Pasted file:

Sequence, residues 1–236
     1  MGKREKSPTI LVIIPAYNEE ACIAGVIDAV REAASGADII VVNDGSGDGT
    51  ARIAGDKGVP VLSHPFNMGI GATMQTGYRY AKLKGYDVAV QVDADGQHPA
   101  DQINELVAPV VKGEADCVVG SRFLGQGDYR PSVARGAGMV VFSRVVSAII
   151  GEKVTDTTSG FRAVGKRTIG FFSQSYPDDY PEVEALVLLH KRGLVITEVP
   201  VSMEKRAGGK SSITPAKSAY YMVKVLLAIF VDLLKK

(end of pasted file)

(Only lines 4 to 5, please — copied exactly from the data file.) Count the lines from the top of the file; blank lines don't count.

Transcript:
   101  DQINELVAPV VKGEADCVVG SRFLGQGDYR PSVARGAGMV VFSRVVSAII
   151  GEKVTDTTSG FRAVGKRTIG FFSQSYPDDY PEVEALVLLH KRGLVITEVP